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Behind the scenes with Autumn Granger

Natural resources academic advisor

Autumn-Granger-Main

By Heather Doherty  
April 30, 2017

With a love for the outdoors, Autumn Granger knew her role as an academic advisor in OSU’s College of Forestry Natural Resources Program was the right fit for her. Autumn primarily works with Oregon State Ecampus online students earning a degree in natural resources, and says her passion for the outdoors matches that of the students she advises. Autumn previously served as an academic advisor in the Department of Horticulture at OSU, as well as a counselor for TRIO, a federal outreach and student services programs designed to identify and provide services for individuals from disadvantaged backgrounds, at Linn-Benton Community College. She earned a B.S. in Business Administration with a concentration in marketing and a minor in economics from the University of Oregon and an M.S. in Counseling from Oregon State.


Briefly describe your role as an Ecampus advisor.

“I am like the GPS on your car. You, the student, are the one driving. I see it as my job to help you stay on track toward your final destination. You may make a wrong turn or get stuck in a roundabout along your journey, but I am here to help you find your way back on the path. I will also help you navigate all of the rules of the road – in this case, OSU rules and regulations, as well as those that are specific to your degree program.”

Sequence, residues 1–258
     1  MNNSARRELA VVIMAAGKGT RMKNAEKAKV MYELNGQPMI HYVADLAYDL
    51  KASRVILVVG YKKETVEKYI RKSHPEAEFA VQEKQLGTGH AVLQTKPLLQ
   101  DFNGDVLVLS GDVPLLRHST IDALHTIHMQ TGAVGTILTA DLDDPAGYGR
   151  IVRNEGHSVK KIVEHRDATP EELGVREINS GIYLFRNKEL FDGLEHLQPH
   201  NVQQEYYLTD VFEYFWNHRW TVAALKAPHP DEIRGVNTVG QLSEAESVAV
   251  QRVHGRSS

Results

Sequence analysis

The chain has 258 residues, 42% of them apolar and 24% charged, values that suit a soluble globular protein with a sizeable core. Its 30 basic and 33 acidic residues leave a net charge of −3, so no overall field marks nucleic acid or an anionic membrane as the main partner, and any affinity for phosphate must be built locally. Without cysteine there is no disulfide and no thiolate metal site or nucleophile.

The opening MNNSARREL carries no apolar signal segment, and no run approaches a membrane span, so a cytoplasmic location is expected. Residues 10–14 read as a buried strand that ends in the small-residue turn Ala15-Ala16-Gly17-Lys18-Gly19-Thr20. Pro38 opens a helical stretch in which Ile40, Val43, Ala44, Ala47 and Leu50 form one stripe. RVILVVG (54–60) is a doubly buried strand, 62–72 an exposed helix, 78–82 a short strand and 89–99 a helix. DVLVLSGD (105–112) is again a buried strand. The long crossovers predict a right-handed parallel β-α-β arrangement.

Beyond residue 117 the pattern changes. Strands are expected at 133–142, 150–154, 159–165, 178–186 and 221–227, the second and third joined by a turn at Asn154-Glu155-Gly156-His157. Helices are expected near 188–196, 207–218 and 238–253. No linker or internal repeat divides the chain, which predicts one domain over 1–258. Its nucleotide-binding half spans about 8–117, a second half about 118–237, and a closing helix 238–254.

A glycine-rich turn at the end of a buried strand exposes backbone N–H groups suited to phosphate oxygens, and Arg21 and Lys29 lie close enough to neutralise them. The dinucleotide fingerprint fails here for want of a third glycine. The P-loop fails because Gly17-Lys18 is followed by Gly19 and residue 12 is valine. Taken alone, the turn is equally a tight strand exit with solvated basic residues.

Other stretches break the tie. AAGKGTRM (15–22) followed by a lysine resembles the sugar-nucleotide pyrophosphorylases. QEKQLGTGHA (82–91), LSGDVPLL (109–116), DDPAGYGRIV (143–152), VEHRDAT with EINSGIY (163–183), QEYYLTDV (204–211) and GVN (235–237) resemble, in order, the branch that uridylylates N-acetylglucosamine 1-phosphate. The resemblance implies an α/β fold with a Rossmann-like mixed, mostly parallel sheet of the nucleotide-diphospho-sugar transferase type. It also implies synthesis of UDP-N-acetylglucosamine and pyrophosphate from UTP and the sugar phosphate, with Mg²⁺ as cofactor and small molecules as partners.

What made you decide to get into this field of study? 

“I have a B.S. in Business with a marketing emphasis, as well as a minor in economics. That degree led me to a series of jobs, one of which was in admissions at Western Oregon University. While at Western, my eyes were opened to other opportunities available working on a college campus with students. To get a job in advising, I knew you had to have an advanced degree, so I went back to school and landed in the M.S. in counseling program here at OSU.